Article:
- The Washington Times - Friday, June 17, 2005

The Senate Armed Services Committee chairman yesterday accused Sen. Richard J. Durbin of insulting American soldiers with a “grievous error in judgment” by comparing U.S. treatment of al Qaeda suspects to the crimes of Adolf Hitler, Josef Stalin and Pol Pot, and demanded that the Senate’s No. 2 Democrat apologize.

The rebuke followed a similar rebuke by the commander of the Veterans of Foreign Wars, who called Mr. Durbin “totally out of line.”

Republican lawmakers lined up to condemn the remarks as making the war on terror more dangerous for American troops.

Some were particularly angry about the Al Jazeera Arab-language news station, which had posted Mr. Durbin’s Nazi comparison made in a Tuesday night floor speech.

“That’s horrible. That’s our worst nightmare,” said Sen. John Cornyn, Texas Republican, about the posting by the network, which the administration accuses of stirring up anti-Americanism.

In a Tuesday night speech to the Senate, after reading an e-mail from a FBI agent, Mr. Durbin said: “If I read this to you and did not tell you that it was an FBI agent describing what Americans had done to prisoners in their control, you would most certainly believe this must have been done by Nazis, Soviets in their gulags, or some mad regime — Pol Pot or others — that had no concern for human beings. Sadly, that is not the case. This as the action of Americans in the treatment of their prisoners.”

The scolding of Mr. Durbin by Sen. John W. Warner, Virginia Republican, set off a tense debate on the Senate floor that lasted more than an hour.

Mr. Warner, joined by Sen. Mitch McConnell, Kentucky Republican, repeatedly chastised Mr. Durbin for likening interrogation techniques at the Pentagon-run prison at U.S. Naval Base Guantanamo Bay, Cuba, to three 20th-century dictators who killed tens of millions of innocents.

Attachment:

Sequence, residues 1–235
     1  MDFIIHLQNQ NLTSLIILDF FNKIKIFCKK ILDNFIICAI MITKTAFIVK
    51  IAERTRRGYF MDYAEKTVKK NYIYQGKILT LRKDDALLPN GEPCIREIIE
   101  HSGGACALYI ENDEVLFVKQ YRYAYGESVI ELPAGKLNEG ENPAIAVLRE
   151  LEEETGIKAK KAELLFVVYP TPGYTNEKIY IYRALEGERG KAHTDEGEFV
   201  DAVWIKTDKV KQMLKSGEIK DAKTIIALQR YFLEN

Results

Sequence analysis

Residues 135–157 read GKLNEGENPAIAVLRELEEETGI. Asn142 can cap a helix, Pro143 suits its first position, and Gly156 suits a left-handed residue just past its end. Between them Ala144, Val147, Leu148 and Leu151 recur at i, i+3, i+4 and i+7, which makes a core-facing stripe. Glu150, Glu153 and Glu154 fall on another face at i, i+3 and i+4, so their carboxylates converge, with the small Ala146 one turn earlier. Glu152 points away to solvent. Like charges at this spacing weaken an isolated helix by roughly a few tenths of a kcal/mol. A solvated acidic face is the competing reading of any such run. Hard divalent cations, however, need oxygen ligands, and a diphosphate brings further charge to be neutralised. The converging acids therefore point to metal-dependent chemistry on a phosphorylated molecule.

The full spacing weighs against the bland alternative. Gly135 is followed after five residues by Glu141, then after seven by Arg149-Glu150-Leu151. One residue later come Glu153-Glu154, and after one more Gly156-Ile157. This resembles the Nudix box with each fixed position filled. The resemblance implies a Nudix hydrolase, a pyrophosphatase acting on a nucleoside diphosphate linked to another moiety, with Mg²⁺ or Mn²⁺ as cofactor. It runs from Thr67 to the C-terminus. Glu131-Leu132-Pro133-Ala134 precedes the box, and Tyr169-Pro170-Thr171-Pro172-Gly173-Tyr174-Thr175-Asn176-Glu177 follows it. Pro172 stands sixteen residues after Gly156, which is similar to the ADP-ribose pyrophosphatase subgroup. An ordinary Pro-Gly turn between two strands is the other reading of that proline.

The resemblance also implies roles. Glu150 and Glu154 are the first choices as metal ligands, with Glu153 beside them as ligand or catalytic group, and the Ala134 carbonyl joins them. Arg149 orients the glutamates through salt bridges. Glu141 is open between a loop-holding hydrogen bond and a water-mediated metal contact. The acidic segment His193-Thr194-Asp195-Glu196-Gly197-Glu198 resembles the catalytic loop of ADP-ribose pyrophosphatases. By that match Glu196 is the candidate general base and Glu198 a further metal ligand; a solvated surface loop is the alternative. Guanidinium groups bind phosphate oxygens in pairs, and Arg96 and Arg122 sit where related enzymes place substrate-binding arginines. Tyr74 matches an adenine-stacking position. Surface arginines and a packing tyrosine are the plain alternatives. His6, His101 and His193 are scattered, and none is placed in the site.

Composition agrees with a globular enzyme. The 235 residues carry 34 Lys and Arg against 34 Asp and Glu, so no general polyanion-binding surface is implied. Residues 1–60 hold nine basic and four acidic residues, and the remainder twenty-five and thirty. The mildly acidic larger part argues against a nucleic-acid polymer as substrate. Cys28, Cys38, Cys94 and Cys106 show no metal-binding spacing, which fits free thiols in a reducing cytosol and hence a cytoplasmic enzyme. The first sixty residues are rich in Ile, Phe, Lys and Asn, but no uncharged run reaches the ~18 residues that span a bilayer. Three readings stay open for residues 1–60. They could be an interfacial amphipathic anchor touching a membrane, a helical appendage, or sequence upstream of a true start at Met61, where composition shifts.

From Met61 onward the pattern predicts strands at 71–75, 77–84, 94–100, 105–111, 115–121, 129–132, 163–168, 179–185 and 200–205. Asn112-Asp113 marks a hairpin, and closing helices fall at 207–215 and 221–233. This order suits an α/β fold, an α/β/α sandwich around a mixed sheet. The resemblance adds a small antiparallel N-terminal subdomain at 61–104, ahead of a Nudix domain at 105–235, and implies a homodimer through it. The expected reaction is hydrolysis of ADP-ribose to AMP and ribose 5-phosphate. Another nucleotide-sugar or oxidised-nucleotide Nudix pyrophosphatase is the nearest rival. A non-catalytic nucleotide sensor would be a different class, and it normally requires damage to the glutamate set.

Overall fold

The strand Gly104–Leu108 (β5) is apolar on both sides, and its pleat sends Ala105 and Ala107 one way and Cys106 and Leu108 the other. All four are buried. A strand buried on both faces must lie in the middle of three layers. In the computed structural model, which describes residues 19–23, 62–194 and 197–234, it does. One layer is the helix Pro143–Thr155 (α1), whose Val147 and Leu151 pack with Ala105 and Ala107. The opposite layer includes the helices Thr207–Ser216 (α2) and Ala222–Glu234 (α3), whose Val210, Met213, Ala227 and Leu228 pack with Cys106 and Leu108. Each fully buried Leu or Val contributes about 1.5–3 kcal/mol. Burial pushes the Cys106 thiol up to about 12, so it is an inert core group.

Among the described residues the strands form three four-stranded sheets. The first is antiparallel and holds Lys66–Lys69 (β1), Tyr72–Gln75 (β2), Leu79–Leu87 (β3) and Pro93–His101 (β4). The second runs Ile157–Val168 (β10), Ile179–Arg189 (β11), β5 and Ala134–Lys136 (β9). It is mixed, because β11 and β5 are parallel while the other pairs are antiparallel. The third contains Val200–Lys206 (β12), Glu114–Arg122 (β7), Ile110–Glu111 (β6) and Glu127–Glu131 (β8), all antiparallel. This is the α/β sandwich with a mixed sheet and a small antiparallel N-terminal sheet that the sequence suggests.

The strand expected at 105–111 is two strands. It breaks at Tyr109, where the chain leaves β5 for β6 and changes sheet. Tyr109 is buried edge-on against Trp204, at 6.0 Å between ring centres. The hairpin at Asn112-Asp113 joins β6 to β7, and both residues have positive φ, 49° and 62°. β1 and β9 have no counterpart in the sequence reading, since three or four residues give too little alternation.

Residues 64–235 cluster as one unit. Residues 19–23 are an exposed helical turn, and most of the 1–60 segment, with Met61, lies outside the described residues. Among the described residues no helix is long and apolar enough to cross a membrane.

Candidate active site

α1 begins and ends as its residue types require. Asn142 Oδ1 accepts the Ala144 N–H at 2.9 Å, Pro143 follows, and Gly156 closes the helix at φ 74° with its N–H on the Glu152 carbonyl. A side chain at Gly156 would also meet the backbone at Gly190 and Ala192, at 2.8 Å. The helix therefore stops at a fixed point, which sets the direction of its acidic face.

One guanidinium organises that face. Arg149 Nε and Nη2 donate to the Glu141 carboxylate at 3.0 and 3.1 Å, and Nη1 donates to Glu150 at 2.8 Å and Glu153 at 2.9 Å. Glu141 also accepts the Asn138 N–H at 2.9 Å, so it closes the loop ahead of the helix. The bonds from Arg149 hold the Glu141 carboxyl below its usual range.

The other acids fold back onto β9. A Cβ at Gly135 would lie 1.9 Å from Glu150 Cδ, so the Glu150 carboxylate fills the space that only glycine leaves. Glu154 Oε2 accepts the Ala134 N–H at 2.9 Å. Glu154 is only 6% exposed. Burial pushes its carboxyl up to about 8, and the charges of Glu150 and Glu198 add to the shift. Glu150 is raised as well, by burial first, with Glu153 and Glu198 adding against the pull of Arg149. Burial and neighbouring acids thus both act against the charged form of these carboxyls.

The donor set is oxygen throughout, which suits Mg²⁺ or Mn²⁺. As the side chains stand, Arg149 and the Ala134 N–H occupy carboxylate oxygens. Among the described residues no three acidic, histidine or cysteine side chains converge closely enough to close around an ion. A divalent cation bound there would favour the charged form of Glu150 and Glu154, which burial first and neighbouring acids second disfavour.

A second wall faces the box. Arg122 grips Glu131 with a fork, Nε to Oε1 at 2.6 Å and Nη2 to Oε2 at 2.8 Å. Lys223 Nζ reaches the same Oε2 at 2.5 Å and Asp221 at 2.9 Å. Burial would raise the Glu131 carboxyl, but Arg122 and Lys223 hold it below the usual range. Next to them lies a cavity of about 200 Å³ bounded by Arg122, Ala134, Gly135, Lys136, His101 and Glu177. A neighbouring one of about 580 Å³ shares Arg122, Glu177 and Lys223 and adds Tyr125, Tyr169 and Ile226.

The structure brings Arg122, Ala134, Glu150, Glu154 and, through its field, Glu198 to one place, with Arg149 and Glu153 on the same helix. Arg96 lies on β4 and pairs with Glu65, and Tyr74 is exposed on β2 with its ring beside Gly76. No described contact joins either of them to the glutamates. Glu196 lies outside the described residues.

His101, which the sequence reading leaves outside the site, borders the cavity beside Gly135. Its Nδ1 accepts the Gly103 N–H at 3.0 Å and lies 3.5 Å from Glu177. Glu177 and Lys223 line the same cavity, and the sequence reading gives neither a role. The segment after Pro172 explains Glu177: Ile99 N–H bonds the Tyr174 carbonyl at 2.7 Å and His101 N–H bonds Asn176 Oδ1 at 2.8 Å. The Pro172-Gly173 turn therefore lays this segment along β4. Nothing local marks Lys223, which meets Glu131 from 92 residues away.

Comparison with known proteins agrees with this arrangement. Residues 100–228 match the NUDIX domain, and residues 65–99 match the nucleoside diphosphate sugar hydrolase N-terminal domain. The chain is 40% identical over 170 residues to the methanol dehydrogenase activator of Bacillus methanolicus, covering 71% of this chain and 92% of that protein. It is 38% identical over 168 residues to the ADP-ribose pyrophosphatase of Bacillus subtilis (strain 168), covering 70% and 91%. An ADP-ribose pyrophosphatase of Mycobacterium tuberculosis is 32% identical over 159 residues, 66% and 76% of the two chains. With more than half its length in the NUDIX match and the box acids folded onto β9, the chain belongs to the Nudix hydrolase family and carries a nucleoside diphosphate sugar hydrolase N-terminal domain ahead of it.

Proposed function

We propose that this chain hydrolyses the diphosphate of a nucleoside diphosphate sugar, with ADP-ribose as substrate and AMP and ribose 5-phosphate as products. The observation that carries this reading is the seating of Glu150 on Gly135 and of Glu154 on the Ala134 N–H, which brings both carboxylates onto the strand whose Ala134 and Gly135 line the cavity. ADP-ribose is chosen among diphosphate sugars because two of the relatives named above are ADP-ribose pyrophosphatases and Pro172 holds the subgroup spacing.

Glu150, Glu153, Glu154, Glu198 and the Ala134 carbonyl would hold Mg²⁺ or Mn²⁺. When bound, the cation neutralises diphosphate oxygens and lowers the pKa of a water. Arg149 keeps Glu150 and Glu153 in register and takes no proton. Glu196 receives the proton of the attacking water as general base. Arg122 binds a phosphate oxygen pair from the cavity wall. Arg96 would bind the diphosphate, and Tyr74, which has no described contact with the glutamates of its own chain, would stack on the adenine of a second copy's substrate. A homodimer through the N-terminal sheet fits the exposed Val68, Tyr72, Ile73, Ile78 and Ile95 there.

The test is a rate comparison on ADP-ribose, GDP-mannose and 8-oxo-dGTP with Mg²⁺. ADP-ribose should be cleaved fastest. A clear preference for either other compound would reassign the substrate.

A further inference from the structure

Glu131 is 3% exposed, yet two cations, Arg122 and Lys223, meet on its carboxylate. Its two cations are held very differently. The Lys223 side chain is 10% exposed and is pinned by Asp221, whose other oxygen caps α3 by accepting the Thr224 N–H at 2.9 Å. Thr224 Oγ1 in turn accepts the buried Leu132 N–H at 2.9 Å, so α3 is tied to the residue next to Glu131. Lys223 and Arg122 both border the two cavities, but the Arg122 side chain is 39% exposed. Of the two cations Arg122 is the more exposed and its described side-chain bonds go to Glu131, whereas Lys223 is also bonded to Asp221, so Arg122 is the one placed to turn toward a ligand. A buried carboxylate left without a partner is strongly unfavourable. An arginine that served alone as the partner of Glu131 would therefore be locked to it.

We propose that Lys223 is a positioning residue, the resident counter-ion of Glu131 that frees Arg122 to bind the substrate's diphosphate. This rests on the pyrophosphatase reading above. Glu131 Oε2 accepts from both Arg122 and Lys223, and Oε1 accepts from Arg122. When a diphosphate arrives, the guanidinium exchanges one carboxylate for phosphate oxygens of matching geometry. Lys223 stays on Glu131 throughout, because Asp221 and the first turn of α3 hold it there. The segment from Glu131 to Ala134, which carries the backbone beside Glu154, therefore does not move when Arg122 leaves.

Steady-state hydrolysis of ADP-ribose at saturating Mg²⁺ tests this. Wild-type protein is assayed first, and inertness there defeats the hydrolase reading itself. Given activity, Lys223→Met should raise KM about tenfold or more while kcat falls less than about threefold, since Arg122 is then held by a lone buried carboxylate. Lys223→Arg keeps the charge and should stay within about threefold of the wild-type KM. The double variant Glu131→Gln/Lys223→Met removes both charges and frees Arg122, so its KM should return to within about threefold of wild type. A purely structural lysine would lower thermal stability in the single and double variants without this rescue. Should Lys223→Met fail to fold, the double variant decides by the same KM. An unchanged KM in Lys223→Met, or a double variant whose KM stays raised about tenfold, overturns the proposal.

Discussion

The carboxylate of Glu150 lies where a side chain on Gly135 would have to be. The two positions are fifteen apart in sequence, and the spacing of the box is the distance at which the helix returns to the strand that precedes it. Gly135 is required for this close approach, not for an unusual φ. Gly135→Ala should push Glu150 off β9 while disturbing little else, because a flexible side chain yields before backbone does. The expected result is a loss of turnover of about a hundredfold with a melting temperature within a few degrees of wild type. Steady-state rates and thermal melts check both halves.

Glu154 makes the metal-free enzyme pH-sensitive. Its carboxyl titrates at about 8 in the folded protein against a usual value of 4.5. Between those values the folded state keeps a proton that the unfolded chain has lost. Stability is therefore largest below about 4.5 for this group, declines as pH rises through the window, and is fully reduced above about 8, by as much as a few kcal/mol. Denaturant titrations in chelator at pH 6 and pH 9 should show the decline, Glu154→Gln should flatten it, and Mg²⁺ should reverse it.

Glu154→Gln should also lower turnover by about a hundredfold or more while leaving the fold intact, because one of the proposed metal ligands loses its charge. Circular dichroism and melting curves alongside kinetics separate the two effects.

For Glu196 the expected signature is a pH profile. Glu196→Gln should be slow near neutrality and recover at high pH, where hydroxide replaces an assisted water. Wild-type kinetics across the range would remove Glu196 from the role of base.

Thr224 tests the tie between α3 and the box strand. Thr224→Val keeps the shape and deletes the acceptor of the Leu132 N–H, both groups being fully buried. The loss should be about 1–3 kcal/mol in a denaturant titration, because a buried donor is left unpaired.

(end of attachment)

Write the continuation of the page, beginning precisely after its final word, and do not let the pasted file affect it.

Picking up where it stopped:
A clearly uncomfortable Mr. Durbin refused to apologize.

He blamed the “right-wing media” for the flap, and read his words from Tuesday’s Congressional Record to show its “context.” He said the real issue was Defense Secretary Donald H. Rumsfeld permitting rough interrogation techniques in the war on terror.

But clearly Democrats felt the pressure.

Senate Minority Leader Harry Reid, Nevada Democrat, came to the floor to defend his chief deputy and to lash out at press reports and the White House, which earlier in the day called Mr. Durbin’s remarks “reprehensible.”

“The noise machine of the far right never stops and it’s gotten so much more in operation in the last few weeks,” he said. “This is all a distraction by the White House.”

But Mr. Reid did not directly address Mr. Durbin’s gulag comparison. He was followed by Sen. Robert C. Byrd, West Virginia Democrat, who spent more than 10 minutes recognizing Father’s Day.

Then Republican Sens. John Kyl of Arizona and Jeff Sessions of Alabama further denounced Mr. Durbin’s comments and echoed the calls for an apology.

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